Joanna Masel
Member of the Graduate Faculty
Professor, Applied Mathematics - GIDP
Professor, BIO5 Institute
Professor, Ecology and Evolutionary Biology
Professor, Genetics - GIDP
Professor, Psychology
Professor, Statistics-GIDP
Primary Department
(520) 626-9888
Research Interest
Joanna Masel, D.Phil., is a Professor of Ecology & Evolutionary Biology, applying the tools of theoretical population genetics to diverse research problems. Her research program is divided between analytical theory, evolutionary simulations, and dry lab empirical bioinformatic work. The robustness and evolvability of living systems are major themes in her work, including questions about the origins of novelty, eg at the level of new protein-coding sequences arising during evolution from "junk" DNA. She also has interests in prion biology, and in the nature of both biological and economic competitions. She has won many awards, including a Fellowship at Wissenschaftskolleg zu Berlin, a Pew Scholarship in the Biomedical Sciences, an Alfred P. Sloan Research Fellow, a Rhodes Scholarship, and a Bronze Medal at the International Mathematical Olympiad.


Andreatta, M. E., Levine, J. A., Foy, S. G., Guzman, L. D., Kosinski, L. J., Cordes, M. H., & Masel, J. (2015). The Recent De Novo Origin of Protein C-Termini. Genome biology and evolution, 7(6), 1686-701.
BIO5 Collaborators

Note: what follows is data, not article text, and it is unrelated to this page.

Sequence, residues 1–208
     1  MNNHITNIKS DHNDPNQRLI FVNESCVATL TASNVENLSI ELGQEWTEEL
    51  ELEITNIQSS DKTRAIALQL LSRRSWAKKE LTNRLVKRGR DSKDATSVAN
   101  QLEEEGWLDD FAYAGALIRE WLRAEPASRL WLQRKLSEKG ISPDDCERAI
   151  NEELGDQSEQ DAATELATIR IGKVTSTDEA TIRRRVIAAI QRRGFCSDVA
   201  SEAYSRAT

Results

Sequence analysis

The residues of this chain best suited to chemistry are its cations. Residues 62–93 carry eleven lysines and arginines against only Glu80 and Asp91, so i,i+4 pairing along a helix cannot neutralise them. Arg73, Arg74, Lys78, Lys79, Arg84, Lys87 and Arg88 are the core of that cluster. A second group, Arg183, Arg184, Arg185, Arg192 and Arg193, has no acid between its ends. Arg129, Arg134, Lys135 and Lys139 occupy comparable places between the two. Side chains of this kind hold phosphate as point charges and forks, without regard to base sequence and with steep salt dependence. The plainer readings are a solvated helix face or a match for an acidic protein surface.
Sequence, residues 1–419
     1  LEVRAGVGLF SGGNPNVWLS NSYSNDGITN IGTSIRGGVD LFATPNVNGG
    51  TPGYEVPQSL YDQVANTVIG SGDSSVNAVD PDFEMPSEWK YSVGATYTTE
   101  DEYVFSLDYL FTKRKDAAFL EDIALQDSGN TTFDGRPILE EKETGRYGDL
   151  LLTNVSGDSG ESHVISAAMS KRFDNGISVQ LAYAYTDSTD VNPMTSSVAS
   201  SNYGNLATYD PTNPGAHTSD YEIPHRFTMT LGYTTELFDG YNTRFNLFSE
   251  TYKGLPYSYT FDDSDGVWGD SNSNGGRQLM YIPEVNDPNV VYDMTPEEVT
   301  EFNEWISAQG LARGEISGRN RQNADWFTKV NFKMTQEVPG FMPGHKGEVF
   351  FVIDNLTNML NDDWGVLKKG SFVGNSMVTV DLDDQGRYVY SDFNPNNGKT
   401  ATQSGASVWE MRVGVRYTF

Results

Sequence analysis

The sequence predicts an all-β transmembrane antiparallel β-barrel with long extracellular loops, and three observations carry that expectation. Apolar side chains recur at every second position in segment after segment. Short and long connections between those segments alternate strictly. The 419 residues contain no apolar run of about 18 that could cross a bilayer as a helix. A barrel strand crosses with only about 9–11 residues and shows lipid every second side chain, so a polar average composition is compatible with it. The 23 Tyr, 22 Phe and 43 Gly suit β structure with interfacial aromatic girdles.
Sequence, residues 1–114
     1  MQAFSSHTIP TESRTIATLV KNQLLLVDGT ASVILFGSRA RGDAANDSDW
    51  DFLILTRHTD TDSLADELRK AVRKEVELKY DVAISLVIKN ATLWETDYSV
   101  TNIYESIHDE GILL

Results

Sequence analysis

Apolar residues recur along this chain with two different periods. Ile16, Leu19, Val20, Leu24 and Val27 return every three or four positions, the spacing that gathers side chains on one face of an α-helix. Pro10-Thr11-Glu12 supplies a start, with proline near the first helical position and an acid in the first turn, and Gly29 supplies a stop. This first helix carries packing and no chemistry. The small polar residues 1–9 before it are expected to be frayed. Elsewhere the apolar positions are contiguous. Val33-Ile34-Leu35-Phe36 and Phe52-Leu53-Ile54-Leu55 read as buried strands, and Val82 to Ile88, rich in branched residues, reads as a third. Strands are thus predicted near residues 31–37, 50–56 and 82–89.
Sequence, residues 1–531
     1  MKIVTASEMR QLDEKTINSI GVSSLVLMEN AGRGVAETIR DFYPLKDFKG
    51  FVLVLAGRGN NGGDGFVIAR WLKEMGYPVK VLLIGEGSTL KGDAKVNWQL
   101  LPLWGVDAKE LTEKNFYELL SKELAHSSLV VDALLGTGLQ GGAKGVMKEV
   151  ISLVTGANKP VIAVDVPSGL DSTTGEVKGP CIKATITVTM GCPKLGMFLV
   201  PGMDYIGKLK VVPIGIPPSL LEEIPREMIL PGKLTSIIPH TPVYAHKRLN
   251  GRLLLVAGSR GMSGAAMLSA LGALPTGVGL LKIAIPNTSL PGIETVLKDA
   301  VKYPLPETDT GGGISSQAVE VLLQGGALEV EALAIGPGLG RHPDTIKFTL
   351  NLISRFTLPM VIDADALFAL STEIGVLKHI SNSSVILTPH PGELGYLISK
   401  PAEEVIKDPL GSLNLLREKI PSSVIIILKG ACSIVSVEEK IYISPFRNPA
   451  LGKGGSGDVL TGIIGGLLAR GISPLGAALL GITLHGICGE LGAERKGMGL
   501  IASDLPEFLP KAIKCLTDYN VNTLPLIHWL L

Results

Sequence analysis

Matthew Hj Cordes, Joanna Masel

Protein-coding sequences can arise either from duplication and divergence of existing sequences, or de novo from noncoding DNA. Unfortunately, recently evolved de novo genes can be hard to distinguish from false positives, making their study difficult. Here, we study a more tractable version of the process of conversion of noncoding sequence into coding: the co-option of short segments of noncoding sequence into the C-termini of existing proteins via the loss of a stop codon. Because we study recent additions to potentially old genes, we are able to apply a variety of stringent quality filters to our annotations of what is a true protein-coding gene, discarding the putative proteins of unknown function that are typical of recent fully de novo genes. We identify 54 examples of C-terminal extensions in Saccharomyces and 28 in Drosophila, all of them recent enough to still be polymorphic. We find one putative gene fusion that turns out, on close inspection, to be the product of replicated assembly errors, further highlighting the issue of false positives in the study of rare events. Four of the Saccharomyces C-terminal extensions (to ADH1, ARP8, TPM2, and PIS1) that survived our quality filters are predicted to lead to significant modification of a protein domain structure.